January 27, 2016
Art installation will help restock Baghdad’s destroyed library
by Zeljka Marosevic
An Iraqi-American artist is using installation art to restock the University of Baghdad’s library.
As Marta Bausells reports for The Guardian, Wafaa Bilal’s exhibition at the Gallery of Windsor in Ontario will take the form of a 72ft bookshelf filled with 1,000 white books that are completely blank inside.
The books are available to purchase from the artist for $25: the buyer will get the blank book to keep, and it will be replaced on the shelf with a real book. At the end of the exhibition, all of the new books will be sent to help restock the library at Baghdad’s College of Fine Arts.
The library was completely destroyed during the Iraq war, when it was burned to the ground and its collection of 70,000 books was lost. Although the building itself has been rebuilt, it mostly stands empty of books. As a student at the university, Bilal had used the library every day and told The Guardian, “This used to be one of best fine art institutions in the Middle East, if not the world.”
Bilal explained the symbolism behind the project on its Kickstarter page:
The white library stands as an austere monument of loss that simultaneously activates a potential for rebirth. Each book in the white library is embedded with the possibility of rebuilding anew from the ashes of cultural decimation.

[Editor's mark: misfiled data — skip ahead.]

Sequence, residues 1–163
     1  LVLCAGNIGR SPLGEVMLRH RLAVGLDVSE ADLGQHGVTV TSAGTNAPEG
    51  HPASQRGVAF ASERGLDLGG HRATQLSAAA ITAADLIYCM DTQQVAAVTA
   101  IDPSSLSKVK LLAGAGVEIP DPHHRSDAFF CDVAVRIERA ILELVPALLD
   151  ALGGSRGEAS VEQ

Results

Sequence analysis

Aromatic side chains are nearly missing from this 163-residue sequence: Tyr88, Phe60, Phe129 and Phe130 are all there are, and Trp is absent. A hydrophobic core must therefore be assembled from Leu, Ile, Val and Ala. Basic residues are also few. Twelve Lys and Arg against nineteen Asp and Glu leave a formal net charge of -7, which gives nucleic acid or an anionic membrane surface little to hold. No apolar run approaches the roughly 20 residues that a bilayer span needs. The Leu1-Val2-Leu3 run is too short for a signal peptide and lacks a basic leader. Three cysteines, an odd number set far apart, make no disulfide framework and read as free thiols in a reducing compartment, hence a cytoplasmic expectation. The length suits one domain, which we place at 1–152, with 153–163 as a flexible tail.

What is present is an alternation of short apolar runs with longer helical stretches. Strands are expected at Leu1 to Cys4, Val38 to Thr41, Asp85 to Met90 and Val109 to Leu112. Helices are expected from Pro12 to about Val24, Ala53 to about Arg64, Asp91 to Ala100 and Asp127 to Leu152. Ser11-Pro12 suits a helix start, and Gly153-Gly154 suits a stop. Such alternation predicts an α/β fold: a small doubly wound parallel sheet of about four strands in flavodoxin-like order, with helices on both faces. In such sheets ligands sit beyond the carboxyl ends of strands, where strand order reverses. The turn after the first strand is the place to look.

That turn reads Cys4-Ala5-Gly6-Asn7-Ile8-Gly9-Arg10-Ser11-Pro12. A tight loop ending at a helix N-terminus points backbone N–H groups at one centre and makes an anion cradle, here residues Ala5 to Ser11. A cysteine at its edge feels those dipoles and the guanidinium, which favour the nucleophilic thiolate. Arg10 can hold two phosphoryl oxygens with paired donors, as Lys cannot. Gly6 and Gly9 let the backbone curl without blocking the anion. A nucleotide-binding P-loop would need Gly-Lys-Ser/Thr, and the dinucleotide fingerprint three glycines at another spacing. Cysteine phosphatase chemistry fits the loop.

Bilal has named the installation ‘168:01’ which, according to The Guardian, remembers a historical precedent for the library’s destruction:
The title of the installation, 168:01, refers to the 13th-century destruction of the historic House of Wisdom library – then the largest in the world – at the hands of Mongolians. “Legend has it that they dumped its entire contents into the Tigris river to create a bridge to cross over, and that the pages bled for seven days – 168 hours,” Bilal said. “The extra 1 is that second when I imagine the books turned white and drained of knowledge.”
The Kickstarter aimed to raise $9,000 and has already raised $43,919, but Bilal is also pleased with how the project has opened up communication between Iraqi students and the rest of the world. He told The Guardian:
People are already talking to each other about the loss and the rebuilding of culture…The communication of students and faculty with people outside the country means more to them than is imaginable.
Zeljka Marosevic is the former managing director of Melville House UK.